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Accurate taxonomic identifications and species delimitations are a fundamental problem in biology. The complex taxonomy of Nematoda is primarily based on morphology, which is often dubious. DNA barcoding emerged as a handy tool to identify specimens and assess diversity, but its applications in Nematoda are incipient. We evaluated cytochrome c oxidase subunit I (cox1) efficiency as a DNA barcode for nematodes scrutinising 5241 sequences retrieved from BOLD and GenBank. The samples included genera with medical, agricultural, or ecological relevance: Anguillicola, Caenorhabditis, Heterodera, Meloidogyne, Onchocerca, Strongyloides, and Trichinella. We assessed cox1 performance through barcode gap and Probability of Correct Identification (PCI) analyses, and estimated species richness through Automatic Barcode Gap Discovery (ABGD). Each genus presented distinct gap ranges, mirroring the evolutionary diversity within Nematoda. Thus, to survey the diversity of the phylum, a careful definition of thresholds for lower taxonomic levels should be considered. PCIs were around 70% for both databases, highlighting operational biases and challenges in nematode taxonomy. ABGD inferred higher richness than the taxonomic labels informed by databases. The prevalence of specimen misidentifications and dubious species delimitations emphasise the value of integrative approaches to nematode taxonomy and systematics. Overall, cox1 is a relevant tool for integrative taxonomy of nematodes.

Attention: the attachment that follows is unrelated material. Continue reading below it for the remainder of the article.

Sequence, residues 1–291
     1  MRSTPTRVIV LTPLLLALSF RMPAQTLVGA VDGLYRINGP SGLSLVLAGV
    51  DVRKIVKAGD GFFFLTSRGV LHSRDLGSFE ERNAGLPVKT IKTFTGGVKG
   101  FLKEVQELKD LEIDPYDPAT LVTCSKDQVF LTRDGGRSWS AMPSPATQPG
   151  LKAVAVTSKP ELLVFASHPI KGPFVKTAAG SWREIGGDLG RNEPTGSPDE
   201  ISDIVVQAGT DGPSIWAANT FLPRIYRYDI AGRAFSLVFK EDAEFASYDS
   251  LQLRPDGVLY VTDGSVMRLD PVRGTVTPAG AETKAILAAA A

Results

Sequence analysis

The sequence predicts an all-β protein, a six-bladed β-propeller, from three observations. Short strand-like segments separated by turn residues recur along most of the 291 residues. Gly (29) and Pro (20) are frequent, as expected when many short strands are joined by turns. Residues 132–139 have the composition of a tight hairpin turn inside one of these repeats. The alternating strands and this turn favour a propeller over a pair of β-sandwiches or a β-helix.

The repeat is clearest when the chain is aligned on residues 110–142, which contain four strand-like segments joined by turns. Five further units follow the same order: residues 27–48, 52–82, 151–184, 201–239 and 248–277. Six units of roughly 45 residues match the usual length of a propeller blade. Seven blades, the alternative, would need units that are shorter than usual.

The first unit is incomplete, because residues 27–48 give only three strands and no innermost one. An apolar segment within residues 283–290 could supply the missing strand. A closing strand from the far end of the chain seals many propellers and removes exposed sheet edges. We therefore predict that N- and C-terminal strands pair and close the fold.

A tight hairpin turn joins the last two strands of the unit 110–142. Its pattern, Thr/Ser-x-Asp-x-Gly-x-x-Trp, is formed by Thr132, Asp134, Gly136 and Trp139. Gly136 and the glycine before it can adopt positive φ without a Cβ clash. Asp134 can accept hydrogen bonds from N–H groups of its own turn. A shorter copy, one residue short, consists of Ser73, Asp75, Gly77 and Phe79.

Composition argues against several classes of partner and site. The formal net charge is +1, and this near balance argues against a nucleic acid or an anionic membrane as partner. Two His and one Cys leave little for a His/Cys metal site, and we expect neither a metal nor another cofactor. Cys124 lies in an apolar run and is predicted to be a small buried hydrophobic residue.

Leonardo Tresoldi Gonçalves, Filipe Michels Bianchi, Maríndia Deprá, Cláudia Calegaro-Marques. Barcoding a can of worms: testing cox1 performance as a DNA barcode of Nematoda. Genome. 2021 Jul;64(7):705-717

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PMID: 33460338

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